Keishla Rodriguez murder: Felix Verdejo's wife and mom appear as witnesses in court, not suspects
While Felix Verdejo has been charged with Keishla Rodriguez's murder, his wife Eliz Marie Santiago Sierra and mom Madeline Sánchez Bonilla appeared in court
SAN JUAN, PUERTO RICO: Keishla Rodriguez was last seen on April 29, shortly before the pregnant 27-year-old pet groomer left to meet Olympic boxer Felix Verdejo, who was also the father of her unborn baby. On May 10, a Puerto Rican Federal Court indicted Verdejo on the murder charges of Rodriguez. Verdejo had manipulated his pregnant mistress to meet with him after she informed him and his wife of her pregnancy. The boxer, who's also been married for eight years with a two-year-old child, had promised Rodriguez that they would talk about the pregnancy, but instead, he beat her up, shot her and threw her body over a bridge into the San Jone Lagoon, tied to a rock.
As the murder case developed, social media scrutiny landed on Verdejo's wife Eliz Marie Santiago Sierra's alleged complicity in the murder of her husband's pregnant mistress. Adding fuel to fire, the autopsy of Rodriguez's body found floating in the lagoon revealed a fractured jaw, forceful blow on the nose and traces of heroin and fentanyl in the system. It is presumed that when the expecting mother was thrown over the bridge into the lagoon, she was unconscious but still alive. A little over two weeks after Rodriguez was found, Verdejo's wife and his mother were summoned by Federal Court. They are, however, not suspects, their attorney insists.
Rodriguez ultimately died by immersion asphyxia as the blocks tied to her drowned her. News of this came after Verdejo's accomplice Luis Antonio Cádiz Martínez revealed the brutal cold-bloodedness of the way Rodriguez was murdered. Martinez, who also served as the prime witness in indicting the boxer of the crime, revealed that Verdejo punched Rodriguez and injected her with drugs before dumping her from the Teodoro Moscoso Bridge into the lagoon, tied up with blocks. Verdejo then fired two missed shots after throwing her into the water.
After his indictment on May 10, Verdejo's wife Santiago Sierra and his mother, Madeline Sánchez Bonilla, were summoned to appear before a Puerto Rican Federal Court with regard to Rodriguez's murder. The newspaper El Vocero reported at the time that Sierra and Bonilla had appeared as witnesses. Members of a grand jury were to interview the witnesses to determine if there is sufficient evidence to file charges. The newspaper also noted that their attendance in court could have been for the filing of an ammended indictment, which is quite usual for criminal cases where additional charges are filed along the case proceedings.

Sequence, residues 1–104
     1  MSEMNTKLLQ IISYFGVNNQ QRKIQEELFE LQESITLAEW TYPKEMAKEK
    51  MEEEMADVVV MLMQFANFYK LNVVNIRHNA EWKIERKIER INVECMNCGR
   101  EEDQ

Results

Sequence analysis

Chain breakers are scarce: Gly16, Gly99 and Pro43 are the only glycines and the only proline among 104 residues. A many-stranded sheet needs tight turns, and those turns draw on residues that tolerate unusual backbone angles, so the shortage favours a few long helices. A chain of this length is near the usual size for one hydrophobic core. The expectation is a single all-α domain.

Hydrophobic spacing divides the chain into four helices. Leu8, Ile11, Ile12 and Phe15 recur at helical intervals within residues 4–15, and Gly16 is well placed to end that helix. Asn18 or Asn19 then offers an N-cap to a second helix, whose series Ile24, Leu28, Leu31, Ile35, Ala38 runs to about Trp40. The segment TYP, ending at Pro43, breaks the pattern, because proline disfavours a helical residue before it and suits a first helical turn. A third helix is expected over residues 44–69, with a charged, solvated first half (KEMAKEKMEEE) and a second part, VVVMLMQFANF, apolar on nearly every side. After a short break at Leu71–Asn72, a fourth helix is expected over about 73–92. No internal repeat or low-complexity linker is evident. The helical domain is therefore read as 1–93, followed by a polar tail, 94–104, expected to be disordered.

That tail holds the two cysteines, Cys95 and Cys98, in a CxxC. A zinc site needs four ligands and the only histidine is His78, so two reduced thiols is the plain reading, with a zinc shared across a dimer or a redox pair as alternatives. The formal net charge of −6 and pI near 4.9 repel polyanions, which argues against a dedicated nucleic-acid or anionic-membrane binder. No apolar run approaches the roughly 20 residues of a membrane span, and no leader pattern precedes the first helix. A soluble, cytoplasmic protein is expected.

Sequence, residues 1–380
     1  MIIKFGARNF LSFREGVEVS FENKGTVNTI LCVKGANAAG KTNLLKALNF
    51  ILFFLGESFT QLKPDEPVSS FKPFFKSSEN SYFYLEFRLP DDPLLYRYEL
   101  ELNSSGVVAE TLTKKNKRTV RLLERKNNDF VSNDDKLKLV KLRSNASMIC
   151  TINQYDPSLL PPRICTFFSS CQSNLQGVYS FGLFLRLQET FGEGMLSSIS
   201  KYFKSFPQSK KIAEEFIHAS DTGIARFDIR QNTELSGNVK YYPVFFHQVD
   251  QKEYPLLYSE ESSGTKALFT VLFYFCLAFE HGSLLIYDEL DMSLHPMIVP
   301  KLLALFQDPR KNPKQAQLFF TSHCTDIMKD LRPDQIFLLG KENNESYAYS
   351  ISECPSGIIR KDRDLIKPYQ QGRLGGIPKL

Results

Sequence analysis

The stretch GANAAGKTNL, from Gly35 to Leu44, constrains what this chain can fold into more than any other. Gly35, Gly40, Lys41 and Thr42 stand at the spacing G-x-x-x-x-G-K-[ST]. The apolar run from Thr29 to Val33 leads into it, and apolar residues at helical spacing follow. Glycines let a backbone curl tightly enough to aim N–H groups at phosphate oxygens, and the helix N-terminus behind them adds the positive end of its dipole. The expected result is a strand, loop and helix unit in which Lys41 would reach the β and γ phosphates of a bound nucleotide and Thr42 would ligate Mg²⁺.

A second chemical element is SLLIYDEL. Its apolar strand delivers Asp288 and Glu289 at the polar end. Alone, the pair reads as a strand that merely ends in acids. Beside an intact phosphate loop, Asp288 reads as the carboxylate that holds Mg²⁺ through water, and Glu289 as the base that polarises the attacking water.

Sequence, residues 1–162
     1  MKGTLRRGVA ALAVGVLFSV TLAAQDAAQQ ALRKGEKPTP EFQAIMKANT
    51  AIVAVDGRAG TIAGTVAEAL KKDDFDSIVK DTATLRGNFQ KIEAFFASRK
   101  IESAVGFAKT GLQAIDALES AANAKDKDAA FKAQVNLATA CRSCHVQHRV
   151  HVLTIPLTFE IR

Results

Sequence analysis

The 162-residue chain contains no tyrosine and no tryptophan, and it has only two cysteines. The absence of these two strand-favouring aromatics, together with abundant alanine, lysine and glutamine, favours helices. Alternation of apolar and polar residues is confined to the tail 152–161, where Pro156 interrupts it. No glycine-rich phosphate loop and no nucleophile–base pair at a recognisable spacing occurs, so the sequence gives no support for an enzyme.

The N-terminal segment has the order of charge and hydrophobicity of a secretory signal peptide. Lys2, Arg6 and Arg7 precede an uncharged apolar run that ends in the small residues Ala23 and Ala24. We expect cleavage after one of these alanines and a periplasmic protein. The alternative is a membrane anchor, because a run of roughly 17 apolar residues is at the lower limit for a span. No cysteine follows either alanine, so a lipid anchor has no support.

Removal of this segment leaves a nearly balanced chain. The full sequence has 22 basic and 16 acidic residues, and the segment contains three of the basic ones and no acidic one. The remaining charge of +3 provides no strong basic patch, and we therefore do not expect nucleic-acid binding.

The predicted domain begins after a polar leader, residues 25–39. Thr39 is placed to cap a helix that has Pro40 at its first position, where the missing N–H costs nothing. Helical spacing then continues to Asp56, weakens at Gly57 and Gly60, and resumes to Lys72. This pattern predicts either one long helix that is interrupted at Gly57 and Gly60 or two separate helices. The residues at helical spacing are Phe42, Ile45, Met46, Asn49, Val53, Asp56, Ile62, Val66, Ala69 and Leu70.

The news had also contributed to the preexisting social media speculations surrounding Santiago Sierra's involvement in the murder or at least of her prior knowledge of Verdejo's plans to kill Rodriguez. Local media had also reported to speculations alleging her father's involvement in the murder. But it was Santiago Sierra's silence ever since Verdejo was dubbed person of interest in the murder that became the focal point of these speculations about her involvement. Santiago Sierra's legal defense team however has strictly continued quashing these rumors, reports Explica.
The team insisted that their client is not a suspect or even an investigation card in Rodriguez's murder. “She is not a card from the federal authorities,” said Eduardo Ortiz Declet, one of the lawyers on Santiago Sierra's defense team. Another lawyer, Pedro Rivera, mentioned in a television appearance: “This chain of speculative expressions can harm my client and those close to him. The best thing that could have happened was that she was summoned to this so that the whole world would know that after the investigation of the Police… more than 200 agents in conjunction with federal agencies, and these people are not cards or suspects… That it is very important that people understand this, that, at least, the people that we represent they are not suspected of any crime."
Urging the media and public to stop spewing these speculations without any evidence, Riviera added: “I believe that in cases like this, before issuing an opinion, one must know the facts and then express an opinion, because it is that speaking by speaking what you believe is what you have said, rumors, as we say here, bochinches and a disinformation that the people of Puerto Rico do not deserve and our clients do not deserve the attacks they are making on the networks and the supposed theories that we have all heard … one has to be very responsible."